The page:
Our study had a number of limitations, most related to the logistical difficulties of conducting an epidemic investigation in a remote area. One of the most salient limitations was that only 35 of our VL patients had a proven molecular or parasitologic diagnosis. For this reason, we performed two analyses, one using suspect VL cases with positive PCR results as the comparator for sensitivity, and the second a latent class analysis that enabled us to include all specimen results. The sensitivity of the PCR assay was substantially lower than that seen in studies in Spain.25,26 The low sensitivity was likely caused by the lack of optimal control over conditions between specimen collection in rural Ethiopia and their arrival at the laboratory in Madrid where molecular assays were conducted. We included 54 VL patients under treatment at the time of sampling; not surprisingly, more than 90% were PCR negative. However, we believe that serologic results were still likely to be reliable because reversion to negative serologic results is slow in treated VL patients, taking more than a year in most cases.30
Unfortunately, our study was conducted at a time when routine HIV testing was not available at the field site. Subsequent routine HIV testing demonstrated that 18% of adult VL patients treated at the AZHC in 2007 had co-infection with HIV; the prevalence in the general population was estimated to be 2.1%.31 In data from Europe, HIV–VL co-infected patients had low and even negative antibody titers against Leishmania.23 A prior study in Ethiopia demonstrated that the DAT remained reasonably sensitive (89%) whereas the sensitivity of DiaMed-IT Leish® was 77% in specimens from HIV–VL co-infected patients.24 Nevertheless, because the presence of a substantial number of undiagnosed HIV-co-infected patients in our study would lead to an underestimate of test sensitivity, our current estimates may in that case represent a lower bound for HIV-negative patients. Fortunately, HIV screening is now much more widely available for VL patients in Ethiopia, which enables a more informed interpretation of rapid test results for these patients.
The results of our analysis differ from earlier reports. The meta-analysis published in 2006 estimated the overall sensitivity and specificity of the rK39 ICTs at 93.9% (95% confidence interval [CI] = 87.7–97.1%) and 95.3% (95% CI = 88.8–98.1%), respectively. However, in studies in eastern Africa, the estimated sensitivity and specificity were only 79% (95% CI = 46.7–94.2%) and 85.2% (95% CI = 28.2–98.8%).11 In both of our analyses, the two rK39 ICTs had equivalent sensitivity to DAT with specificities above 90%. Estimates of ICT performance in eastern Africa combine data across a region known for genetic heterogeneity of L. donovani (in marked contrast to the Indian sub-continent where the parasites that cause VL are remarkably homogeneous and rK39 rapid test performance is consistently excellent).11,12,32,33 The performance of serologic tests may vary depending on the characteristics of the circulating parasites, differences in the populations tested, and the rapid test formulations. The ability to make most VL diagnoses without the need for specialized equipment or invasive procedures makes these tests a major advance for peripheral health care facilities. We believe that our data form the basis for recommending the use of an rK39 ICT as the first-line test to confirm VL in patients meeting the appropriate case definition in rural Ethiopia.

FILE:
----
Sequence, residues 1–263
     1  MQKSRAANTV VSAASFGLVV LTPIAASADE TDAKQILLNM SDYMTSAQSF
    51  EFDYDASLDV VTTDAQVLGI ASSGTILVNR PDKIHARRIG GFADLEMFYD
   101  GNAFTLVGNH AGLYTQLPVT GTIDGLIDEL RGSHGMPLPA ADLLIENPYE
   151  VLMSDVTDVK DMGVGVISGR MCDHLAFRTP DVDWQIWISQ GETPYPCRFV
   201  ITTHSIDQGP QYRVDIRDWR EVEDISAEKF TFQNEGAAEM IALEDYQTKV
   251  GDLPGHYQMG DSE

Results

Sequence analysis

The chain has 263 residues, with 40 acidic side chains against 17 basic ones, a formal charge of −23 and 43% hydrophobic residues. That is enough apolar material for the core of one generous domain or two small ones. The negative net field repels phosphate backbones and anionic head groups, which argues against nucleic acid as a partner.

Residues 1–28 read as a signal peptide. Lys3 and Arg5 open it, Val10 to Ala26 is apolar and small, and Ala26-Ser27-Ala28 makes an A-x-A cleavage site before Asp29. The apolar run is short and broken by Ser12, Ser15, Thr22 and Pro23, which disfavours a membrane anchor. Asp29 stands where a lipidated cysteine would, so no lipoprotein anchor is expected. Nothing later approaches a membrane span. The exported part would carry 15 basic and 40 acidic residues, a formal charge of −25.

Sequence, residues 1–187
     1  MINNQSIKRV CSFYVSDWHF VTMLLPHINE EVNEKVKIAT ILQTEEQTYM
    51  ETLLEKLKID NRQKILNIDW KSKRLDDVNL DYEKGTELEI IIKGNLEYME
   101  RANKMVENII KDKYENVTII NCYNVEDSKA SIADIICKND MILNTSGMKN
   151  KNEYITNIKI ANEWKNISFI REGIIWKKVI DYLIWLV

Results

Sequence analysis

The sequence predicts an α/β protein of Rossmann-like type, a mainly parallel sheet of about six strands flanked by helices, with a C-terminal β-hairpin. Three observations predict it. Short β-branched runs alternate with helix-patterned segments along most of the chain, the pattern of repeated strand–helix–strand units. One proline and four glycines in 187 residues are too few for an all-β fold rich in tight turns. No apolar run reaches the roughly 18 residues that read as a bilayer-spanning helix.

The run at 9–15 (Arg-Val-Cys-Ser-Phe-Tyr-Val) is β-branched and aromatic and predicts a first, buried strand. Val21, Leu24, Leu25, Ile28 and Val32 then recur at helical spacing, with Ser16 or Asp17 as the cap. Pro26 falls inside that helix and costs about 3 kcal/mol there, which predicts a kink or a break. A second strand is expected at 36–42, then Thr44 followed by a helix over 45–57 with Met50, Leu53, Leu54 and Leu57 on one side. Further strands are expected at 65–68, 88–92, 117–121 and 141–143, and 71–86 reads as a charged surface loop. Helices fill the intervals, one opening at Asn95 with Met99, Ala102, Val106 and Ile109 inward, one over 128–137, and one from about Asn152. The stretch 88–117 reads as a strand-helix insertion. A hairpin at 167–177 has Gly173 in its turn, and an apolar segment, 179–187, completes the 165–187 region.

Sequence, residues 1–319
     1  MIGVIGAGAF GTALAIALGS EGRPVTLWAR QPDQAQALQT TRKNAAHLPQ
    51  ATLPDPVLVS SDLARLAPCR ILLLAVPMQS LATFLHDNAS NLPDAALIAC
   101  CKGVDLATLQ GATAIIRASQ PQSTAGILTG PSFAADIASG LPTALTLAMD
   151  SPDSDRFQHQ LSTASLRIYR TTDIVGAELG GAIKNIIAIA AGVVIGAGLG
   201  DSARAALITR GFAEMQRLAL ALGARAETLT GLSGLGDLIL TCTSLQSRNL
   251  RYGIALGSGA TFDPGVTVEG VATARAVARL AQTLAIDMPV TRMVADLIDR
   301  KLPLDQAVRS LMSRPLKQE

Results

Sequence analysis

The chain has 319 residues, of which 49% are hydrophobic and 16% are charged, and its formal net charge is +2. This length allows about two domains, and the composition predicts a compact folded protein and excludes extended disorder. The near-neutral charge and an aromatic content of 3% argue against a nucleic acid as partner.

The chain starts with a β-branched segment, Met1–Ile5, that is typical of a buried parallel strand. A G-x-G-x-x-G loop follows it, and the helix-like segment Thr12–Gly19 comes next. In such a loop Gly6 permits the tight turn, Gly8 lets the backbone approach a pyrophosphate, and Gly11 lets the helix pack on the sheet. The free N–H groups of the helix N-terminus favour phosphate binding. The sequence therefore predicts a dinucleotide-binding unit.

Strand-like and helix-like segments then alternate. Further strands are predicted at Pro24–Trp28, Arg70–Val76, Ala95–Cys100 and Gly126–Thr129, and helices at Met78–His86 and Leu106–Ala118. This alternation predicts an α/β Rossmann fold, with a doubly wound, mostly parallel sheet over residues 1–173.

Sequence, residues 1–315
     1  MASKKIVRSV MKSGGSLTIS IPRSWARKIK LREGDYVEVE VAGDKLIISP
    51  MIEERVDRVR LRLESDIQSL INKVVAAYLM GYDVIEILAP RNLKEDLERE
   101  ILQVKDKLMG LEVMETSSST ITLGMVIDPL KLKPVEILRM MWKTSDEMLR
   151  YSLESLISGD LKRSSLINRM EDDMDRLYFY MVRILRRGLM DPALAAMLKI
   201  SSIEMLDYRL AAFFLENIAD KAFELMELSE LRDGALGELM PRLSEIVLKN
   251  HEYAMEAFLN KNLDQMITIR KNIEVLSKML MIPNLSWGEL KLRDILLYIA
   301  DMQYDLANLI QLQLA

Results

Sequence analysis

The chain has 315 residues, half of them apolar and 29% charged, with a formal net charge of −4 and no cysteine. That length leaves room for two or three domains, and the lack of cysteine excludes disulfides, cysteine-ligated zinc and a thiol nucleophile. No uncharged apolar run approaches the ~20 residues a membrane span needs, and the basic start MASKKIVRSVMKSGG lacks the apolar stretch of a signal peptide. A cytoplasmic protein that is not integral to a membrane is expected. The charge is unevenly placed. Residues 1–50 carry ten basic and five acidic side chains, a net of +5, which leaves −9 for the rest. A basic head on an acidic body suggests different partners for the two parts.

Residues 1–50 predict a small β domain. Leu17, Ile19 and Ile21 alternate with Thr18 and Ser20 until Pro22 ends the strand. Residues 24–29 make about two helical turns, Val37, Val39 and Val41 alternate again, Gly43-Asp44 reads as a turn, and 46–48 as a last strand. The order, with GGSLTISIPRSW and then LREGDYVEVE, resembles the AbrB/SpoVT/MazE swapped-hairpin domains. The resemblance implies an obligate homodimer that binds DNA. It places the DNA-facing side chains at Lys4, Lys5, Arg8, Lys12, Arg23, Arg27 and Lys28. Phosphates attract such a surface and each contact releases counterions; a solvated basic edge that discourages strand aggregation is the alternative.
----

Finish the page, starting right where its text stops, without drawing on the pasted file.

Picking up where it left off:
We thank José Miguel Rubio and Margriet den Boer for helpful comments on the text and the Agencia Española de Cooperación Internacional for supporting this study.
Authors' addresses: Carmen Cañavate, Javier Nieto, Israel Cruz, and Carmen Chicharro, World Health Organization Collaborating Center for Leishmaniasis, National Center of Microbiology, Instituto de Salud Carlos III, Madrid, Spain, E-mails: ccanave/at/isciii.es, fjnieto/at/isciii.es, cruzi/at/isciii.es, and cchichar/at/isciii.es. Merce Herrero, Disease Prevention and Control Programmes, World Health Organization, Addis Ababa, Ethiopia and Médecins Sans Frontières-Ethiopia, Operational Centre Barcelona-Athens, Addis Zemen, Ethiopia, E-mail: herreromerce/at/gmail.com. Pilar Aparicio, National Center of Tropical Medicine, Instituto de Salud Carlos III, Madrid, Spain, E-mail: paparicio/at/isciii.es. Abate Mulugeta and Daniel Argaw, Disease Prevention and Control Programmes, World Health Organization, Addis Ababa, Ethiopia, E-mails: abatem/at/et.afro.who.int and daniel/at/who.int. Anna J. Blackstock, Division of Parasitic Diseases and Malaria, Center for Global Health, Centers for Disease Control and Prevention, Atlanta, GA and Atlanta Research and Education Foundation, Decatur, GA, E-mail: hyp9/at/cdc.gov. Jorge Alvar, Department for the Control of Neglected Tropical Diseases, Leishmaniasis Control Program, World Health Organization, Geneva, Switzerland, E-mail: alvarj/at/who.int. Caryn Bern, Division of Parasitic Diseases and Malaria, Center for Global Health, Centers for Disease Control and Prevention, Atlanta, GA, E-mail: cxb9/at/cdc.gov.